Adding to a long list of accolades, the Westfield Marching Band has won a coveted slot in the 2014 Tournament of Roses Parade in Pasadena, Calif., the first Fairfax County band to be selected in the 125-year history of the parade.
“It’s a real credit to all the hard work that the kids put into the program,” said Stephen Panoff, band director, “It’s also testimony to our diversity. We have students from 13 different cultures in the band and everybody just works together really well.
“That’s not true with adults,” Panoff said. “We don’t always play nice together in the sandbox.”
The Westfield band captured one of 12 slots in the parade out of about 125 applicants. Another 30 prospective applicants were unable to finish the lengthy application form, which fills a thick three-ring binder in Panoff’s office and includes a CD with a video of the 225-member band. Of the schools that do win, they often have to apply three to four times before receiving a parade invitation, Panoff said.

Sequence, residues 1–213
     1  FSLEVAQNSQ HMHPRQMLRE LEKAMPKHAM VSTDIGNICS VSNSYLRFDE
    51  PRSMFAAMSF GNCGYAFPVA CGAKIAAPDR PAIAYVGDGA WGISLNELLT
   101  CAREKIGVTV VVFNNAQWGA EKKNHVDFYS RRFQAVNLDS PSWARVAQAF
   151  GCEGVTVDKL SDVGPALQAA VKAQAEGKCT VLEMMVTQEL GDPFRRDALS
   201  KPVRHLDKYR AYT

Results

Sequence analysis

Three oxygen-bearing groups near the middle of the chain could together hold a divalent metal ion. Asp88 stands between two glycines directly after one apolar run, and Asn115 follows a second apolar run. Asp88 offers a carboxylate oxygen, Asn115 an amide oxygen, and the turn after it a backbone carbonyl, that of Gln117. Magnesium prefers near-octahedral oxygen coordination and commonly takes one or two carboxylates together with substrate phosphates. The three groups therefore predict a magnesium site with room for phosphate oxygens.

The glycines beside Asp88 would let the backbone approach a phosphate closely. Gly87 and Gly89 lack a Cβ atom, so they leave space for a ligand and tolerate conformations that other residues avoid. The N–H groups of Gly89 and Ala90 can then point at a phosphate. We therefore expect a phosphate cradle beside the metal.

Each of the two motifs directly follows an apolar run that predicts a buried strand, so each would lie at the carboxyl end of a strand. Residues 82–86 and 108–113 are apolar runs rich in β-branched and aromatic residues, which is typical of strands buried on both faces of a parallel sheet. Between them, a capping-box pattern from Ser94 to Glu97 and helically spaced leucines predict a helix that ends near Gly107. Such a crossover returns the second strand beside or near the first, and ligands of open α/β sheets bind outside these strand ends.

This was Westfield’s first application for a spot in the parade, he said.
“Yeah, I was surprised we got it,” said Panoff, who has been the school’s band director for the past seven years. “It really says a lot about the program.”
Success is nothing new to the band.
Last year, the Westfield High School band received across-the-board superior ratings when it performed at the Virginia Band and Orchestra Directors Association state marching assessment. And, the band took first place in open division and second place overall at the Powhatan Fall Classic and second place overall in the USBBA Northern Virginia Showcase.
The New Year’s Day Rose Parade, which features marching bands and massive motorized floats covered with live flowers, is viewed live by about 1 million people who line the route in the Los Angeles area. It has a worldwide television audience of about 90 million.
Band members said they were thrilled.
“This is really exciting to go to the Rose Bowl Parade,” said Matthew Harris, a freshman percussionist from Herndon. “I think it will be a highlight for the band and will help with its legacy.”
Brian Pisarcik, a senior drummer, agreed. “Absolutely this is great. It reflects well on the program and shows how all the hard work has paid off,” he said.
Even with all the awards, Matthew Zackschewski, of Centreville, a senior trumpeter, said he really values the friendships and camaraderie he developed while in the band. “It’s a community where everybody likes each other,” Zackschewski said.
The band will spend the next year in fundraising mode, Panoff said. It will take about $400,000 to transport the entire band to the parade. That cost does not include moving all the band equipment and uniforms, he said.